Wind Farm Noise Pollution Project Draws Joint Collaboration

Adelaide and Korean researchers will collaborate on a research project investigating wind farm noise pollution.

The Centre for Energy Technology (CET), part of the Institute for Mineral and Energy Resources (IMER) at the University of Adelaide, signed a statement of collaboration with Korea Maritime University’s Centre for Ocean Energy Research and Education earlier this year.

The groups will collaborate with joint research programs, exchange information and actively seek to exchange academic members and researchers for study and research.

One of the first projects the two institutions will work together involves an investigation into the effect of amplitude modulation on wind farm noise pollution. The project, led by Dr. Maziar Arjomandi, is supported by CET’s partnership with Adelaide Airport Limited. This two year project is aimed at numerical simulation of wind farm noise propagation, the behaviour of which in different atmospheric conditions and terrains is still unknown.

In recent years, wind farm developers in Canada, the US, New Zealand and the UK have faced increasing opposition from neighbouring land holders about the location of wind farm turbines triggered by noise pollution concerns.

Noise from wind farms are characterised as either mechanical – from the electrical generation turbine parts, the gear box or generator – or aerodynamic sound generated by pressure variations within the air which fluctuates at acoustic frequencies of between 20 and 20,000 times per second. In wind turbines, fluctuating pressure is caused by flow turbulence – hypothetically if the flow of air into and over the blades could be made completely smooth, noise would disappear. In practice, flow is turbulent hence noise is created. While design improvements have largely resolved mechanical issues, aerodynamic noise is a focus of further research.

It is hypothesized that amplitude modulation enhances the distance that wind farm noise can be propagated, although this effect is heavily dependent on atmospheric properties and wind farm layout and terrain. Amplitude modulation of aerodynamic noise from wind turbines is a phenomenon that occurs when broadband aerodynamic noise is modulated at a frequency, corresponding to the revolution speed of the turbine and the number of blades. This may be experienced as low frequency noise, causing annoyance for some people.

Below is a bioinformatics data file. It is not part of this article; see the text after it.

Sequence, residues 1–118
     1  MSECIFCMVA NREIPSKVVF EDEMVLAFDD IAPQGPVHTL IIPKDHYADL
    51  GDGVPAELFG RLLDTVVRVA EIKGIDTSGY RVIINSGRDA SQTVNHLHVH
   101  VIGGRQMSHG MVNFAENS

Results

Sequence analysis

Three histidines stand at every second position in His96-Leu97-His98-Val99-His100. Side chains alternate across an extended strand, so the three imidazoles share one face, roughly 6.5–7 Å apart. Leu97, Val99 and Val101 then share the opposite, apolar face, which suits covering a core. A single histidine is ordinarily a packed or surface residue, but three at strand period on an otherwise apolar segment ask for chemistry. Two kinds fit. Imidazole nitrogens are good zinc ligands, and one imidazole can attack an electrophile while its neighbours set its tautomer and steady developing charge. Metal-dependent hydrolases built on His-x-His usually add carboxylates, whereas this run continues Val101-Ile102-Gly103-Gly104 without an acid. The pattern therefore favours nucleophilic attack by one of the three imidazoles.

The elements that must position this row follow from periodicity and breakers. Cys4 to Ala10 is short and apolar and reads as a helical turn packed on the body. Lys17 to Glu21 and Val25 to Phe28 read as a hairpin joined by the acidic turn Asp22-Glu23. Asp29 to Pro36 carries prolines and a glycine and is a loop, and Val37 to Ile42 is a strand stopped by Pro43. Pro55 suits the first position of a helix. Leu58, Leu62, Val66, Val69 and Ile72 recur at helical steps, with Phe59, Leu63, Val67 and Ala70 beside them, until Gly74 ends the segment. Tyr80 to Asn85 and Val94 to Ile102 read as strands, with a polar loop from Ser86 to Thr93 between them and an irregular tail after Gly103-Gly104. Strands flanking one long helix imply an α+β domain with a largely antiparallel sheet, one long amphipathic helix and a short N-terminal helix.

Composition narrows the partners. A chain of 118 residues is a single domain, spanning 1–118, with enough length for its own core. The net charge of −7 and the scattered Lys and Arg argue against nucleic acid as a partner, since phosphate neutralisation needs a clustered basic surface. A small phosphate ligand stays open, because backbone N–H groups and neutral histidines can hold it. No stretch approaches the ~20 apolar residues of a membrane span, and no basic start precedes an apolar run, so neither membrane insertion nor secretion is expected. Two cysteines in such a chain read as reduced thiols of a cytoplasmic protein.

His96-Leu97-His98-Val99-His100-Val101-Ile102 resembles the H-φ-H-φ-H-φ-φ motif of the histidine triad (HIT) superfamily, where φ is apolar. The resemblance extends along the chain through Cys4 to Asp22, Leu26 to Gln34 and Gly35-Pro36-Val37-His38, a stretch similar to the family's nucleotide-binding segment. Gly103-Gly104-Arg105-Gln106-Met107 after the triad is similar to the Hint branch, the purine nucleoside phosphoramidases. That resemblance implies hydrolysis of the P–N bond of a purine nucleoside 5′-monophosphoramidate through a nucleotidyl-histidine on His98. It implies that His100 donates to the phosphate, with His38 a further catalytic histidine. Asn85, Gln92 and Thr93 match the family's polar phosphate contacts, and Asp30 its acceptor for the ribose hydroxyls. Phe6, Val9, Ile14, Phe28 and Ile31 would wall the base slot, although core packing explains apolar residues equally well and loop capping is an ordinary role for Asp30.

The research aims to ascertain the effect of amplitude modulation of aerodynamic noise in relation to three-bladed 3MW class wind turbines designed for a wind farm under various simulated conditions viewing elements such as farm terrain, atmospheric conditions and turbine positions.

Photo by vaxomatic

Oz-Energy-Analysis.Org Website Launched

Professor Barry Brook along with other colleagues including Dr. Francis Clark, have launched a website ‘’ as a way to examine the broad implications of increasing levels of renewable energy into the electricity grid.  The aim of the website is to examine renewable energy sources, predominantly wind and solar, and examine how their variability interacts with the grid – how it can be managed, how much power they can produce and how much it would cost.

The website will transparently present data, assumptions, models, analysis, interpretation and engage with a wide range of contributors by using an Open Science model.  The initial focus is on the state of South Australia, but the vision is to scale up this work and apply it to all of Australia, and even other countries.  The website will provide a mechanism for everyone to contribute with information and discussion to develop the overall view that is needed by policy makers and to aid sophisticated public discourse.

The website, as of today, is in ‘beta-2‘ release and can be viewed here